Will this be better? Mum is more often than not hardly any trouble when i am around so i suspect the approach used is not right. And i have witnessed situations with other residents that i could have handled better myself.

    I guess my question is do i fight to keep her there, or do we look at emi homes and how would this help mum, and dad?
     
  2. Kevinl

    Kevinl Registered User

    Aug 24, 2013
    4,739
    Salford
    Five quotes form your post, 1 & 2 mention aggression, 3 says even the professionals can't help and 4 is one I'm hearing too often from someone who's been ask to move her mum. "She's a good as gold when I'm here" and the minute you go she's back to her old self and hitting anyone who gets too close, quite often it's my wife.
    You can fight the home but you can't win, they can just give you 28 days notice whenever they like and it may be other visitors are pressuring the home to do just that I know it's happening in the home my wife's in although when asked I just said "I'll rely on you (the home) to do the right thing in your professional opinion".
    If say someone did push a frail old person over and broke an arm or a hip who's liable?
    The home for keeping someone they have said they "can't cope" with, your mum as she did it or the person who put them all at risk by insisted she stay there?
    That in a nutshell is the other side of the coin, I fear for the safety of my wife and the other residents since this lady's condition has become so much worse, it's not here fault and she used to be quite a pleasant lady but the time has come to move her on.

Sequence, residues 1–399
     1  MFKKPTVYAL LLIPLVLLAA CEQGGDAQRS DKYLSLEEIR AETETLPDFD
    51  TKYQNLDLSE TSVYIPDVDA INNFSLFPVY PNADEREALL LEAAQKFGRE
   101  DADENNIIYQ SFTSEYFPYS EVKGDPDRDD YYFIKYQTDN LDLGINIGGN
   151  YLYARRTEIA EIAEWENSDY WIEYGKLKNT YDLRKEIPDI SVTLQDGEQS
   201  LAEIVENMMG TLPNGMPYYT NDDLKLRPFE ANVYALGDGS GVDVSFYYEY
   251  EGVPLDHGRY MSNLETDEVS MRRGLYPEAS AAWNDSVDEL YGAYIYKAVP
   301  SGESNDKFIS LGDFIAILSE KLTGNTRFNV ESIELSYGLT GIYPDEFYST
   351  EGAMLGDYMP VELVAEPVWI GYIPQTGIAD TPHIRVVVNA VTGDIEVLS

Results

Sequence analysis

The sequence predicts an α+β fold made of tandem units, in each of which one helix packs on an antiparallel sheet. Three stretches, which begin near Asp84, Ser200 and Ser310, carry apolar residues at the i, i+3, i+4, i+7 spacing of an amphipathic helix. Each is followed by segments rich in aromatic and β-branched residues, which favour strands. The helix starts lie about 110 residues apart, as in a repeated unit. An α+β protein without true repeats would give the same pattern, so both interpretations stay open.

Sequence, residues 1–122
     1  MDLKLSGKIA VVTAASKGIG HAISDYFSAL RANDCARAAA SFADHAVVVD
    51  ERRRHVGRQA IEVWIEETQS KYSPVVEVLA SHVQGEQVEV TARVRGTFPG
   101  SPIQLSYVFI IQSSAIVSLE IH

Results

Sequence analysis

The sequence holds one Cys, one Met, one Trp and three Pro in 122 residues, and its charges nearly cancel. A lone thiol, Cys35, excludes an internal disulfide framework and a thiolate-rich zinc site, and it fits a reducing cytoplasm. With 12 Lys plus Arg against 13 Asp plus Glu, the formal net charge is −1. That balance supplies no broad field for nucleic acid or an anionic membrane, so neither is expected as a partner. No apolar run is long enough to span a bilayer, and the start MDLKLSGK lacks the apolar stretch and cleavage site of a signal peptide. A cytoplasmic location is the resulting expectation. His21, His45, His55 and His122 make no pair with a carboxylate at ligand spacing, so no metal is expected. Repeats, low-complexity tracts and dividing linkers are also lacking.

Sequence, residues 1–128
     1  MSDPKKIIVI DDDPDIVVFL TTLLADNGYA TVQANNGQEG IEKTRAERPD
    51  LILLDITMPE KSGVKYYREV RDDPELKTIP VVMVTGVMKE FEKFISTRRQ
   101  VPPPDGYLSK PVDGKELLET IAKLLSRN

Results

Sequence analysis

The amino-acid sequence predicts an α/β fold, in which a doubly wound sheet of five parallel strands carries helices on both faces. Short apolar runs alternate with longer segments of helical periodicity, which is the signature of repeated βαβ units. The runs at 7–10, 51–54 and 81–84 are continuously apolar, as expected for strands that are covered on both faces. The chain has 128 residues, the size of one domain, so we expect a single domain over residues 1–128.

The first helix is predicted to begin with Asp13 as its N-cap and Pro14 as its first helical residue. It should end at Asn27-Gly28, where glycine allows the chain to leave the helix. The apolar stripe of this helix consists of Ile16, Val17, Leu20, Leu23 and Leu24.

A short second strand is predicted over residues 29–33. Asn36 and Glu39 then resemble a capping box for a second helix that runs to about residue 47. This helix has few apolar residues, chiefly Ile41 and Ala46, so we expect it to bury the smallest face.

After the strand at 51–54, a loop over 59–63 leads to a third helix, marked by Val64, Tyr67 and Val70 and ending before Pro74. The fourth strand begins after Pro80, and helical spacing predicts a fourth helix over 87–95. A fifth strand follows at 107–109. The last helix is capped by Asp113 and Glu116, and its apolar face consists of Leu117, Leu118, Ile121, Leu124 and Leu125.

K
     
  3. Hezzy

    Hezzy Registered User

    Sep 6, 2016
    51
    Obviously not all places are the same, I understand your concerns totally as EMI sounds overdoing it at first. My experience was that the EMI unit had better trained staff more able to keep situations under control and things didn't escalate so much as they better understood challenging behaviours and dementia . As I say all units are different, maybe try to visit somewhere potential and talk to other relatives about their experience and it may help.
    The only other thing is EMI places can be difficult to get so I'd be contacting social services now for some signposting and advice in your area. My mom was essentially being evicted from a normal care home over xmas and we very luckily got an EMI place which turned out to be amazing. Went from having 1-1 care in the care home, constant calls for issues and problems to completely calm within a couple of weeks at EMI.
    Everyone will have had a different experience but that was ours.
     
  4. Red66

    Red66 Registered User

    Feb 29, 2016
    363
    MissDiane, as Hezzy mentioned EMI home staff are trained to deal with challenging behaviour and because of this I found that they have more patience and empathy in dealing with a resident. My Dad was sectioned and in hospital nearly 10 weeks before being placed in an EMI home and it was such a relief they way the staff dealt with him there. It used to being tears to my eyes as they treated him as a person and not an inconvenience. They were much warmer and pleasant with him which overall kept him calmer. Hope that helps. X